Wuthrich et al. made an important observation (Nature 382: 180 1996): mouse prion fragment 121-231 is markedly bipolar: one side of the disks is negative, the other positive. They interpret this latter feature as electrostatic binding to a negatively-charged outer phospholipid plasma membrane surface which then orients the negative face of prion protein outwards.
The dimensional scale is missing from the article but fortunately the axis of helix H1 is parallel to the plane of the diagram, so an axial translation of 1.5 Angstrom per residue is appropriate. Overall the fragment of prion protein studied would fit into a 35 x 35 x10 angstrom box. It thus has a high surface area to volume ratio compared to a globular protein of the same size.
Prion protein has a GPI anchor already so it doesn't need electrostatic binding to anchor itself to the membrane. Major plasma membrane components like sphingomyelin, cerebrosides, phosphatidyl ethanolamine, phosphatidyl choline, sterols, and integral membrane proteins can provide neutral membrane amphipathicity; neuronal membranes are highly specialized mosaics; and prion protein is reported localized within calveolar patches. Bipolarity is not consistently reported from other GPI caveolar proteins. The undetermined amino terminus of mature prion could mask the fragment's positive surface. In short, the proferred explanation for bipolarity is problematic.
The authors do not calculate the electric dipole moment and dipole axis corresponding to this surface, nor did they measure it by dielectric constant relaxation frequency. An accurate calculation is easy given refined coordinates [Biophys J 94:1550 1993]; as a point of departure, the Glockshuber-Wuthrich structure can be modelled as a oblate ellisoid and the dipole moment estimated (with an unscreened uniform dielectric coulombic model) at some 225 debyes orthogonal to the plane of the disc with only the 3 histidines presenting a computational issue at the isoelectric point. (Coordinates can be reverse-engineered from published rendered projections using "thin-sectioning" techniques in IHS color space.) Charge separation is thus a force holding the protein together and could contribute to the exceptional stability of prion protein to heat denaturation or to kinetics of renaturation.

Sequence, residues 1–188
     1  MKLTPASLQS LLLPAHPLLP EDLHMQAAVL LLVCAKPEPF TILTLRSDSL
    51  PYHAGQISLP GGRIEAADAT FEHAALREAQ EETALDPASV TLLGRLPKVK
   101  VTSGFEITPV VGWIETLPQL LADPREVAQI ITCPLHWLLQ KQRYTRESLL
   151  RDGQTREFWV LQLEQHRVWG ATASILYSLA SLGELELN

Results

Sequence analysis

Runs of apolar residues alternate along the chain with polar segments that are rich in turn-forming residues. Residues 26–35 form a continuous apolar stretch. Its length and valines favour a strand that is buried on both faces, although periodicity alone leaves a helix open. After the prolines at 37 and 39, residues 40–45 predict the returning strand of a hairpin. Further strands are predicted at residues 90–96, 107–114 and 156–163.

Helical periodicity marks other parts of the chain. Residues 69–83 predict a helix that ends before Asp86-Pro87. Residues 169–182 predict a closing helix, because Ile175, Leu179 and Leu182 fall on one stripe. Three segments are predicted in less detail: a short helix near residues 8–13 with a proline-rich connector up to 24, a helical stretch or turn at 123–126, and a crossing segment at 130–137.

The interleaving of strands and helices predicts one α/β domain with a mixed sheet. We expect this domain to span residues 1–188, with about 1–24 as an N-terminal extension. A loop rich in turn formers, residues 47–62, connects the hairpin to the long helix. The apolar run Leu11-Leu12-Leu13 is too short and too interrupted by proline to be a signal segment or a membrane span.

Now the three alpha helices have significant dipole moments of their own (from aligned hydrogen bonds and peptide bonds) not related to that from surface charge, unlike the beta sheet. These align constructively along the helical axis to form macrodipoles (positive axis N-terminal) of 39, 43, and 59 debyes. The pattern is out-of-sequence anti-parallel, ie, there are constructive dipole-dipole interactions between pairs of helices and also with the bipolar dipole, as the dipoles are oriented nose to tail and a few angstroms apart in the 3D picture. Normally,1H NMR directly correlates helix dipole strength and amide proton chemical shifts (J Mol Biol 222: 311 1991).
The accompaning graphic shows the relationship between these features -- it is consistent with the idea of an important dipole contribution to structural stability of prion protein. A previously predicted helix H0 at 109-122 (PNAS 91: 7139 1996) is shown in faint colors in a speculative alignment that matches its dipole with the unpaired end of helix H2. This stretch is the core invariant region of prion protein, hardly changing from chicken to marsupial to mammal since the Devonion, and a likely site for ligand binding. The figure also shows (with a red X) a proposed binding site for a small ligand or catalytic binding site based on dipole distribution. (Helix HO should folded over this but is not, for clarity.) These roles for the observed surface charge distribution could either supplement the membrane binding proposal, or displace it.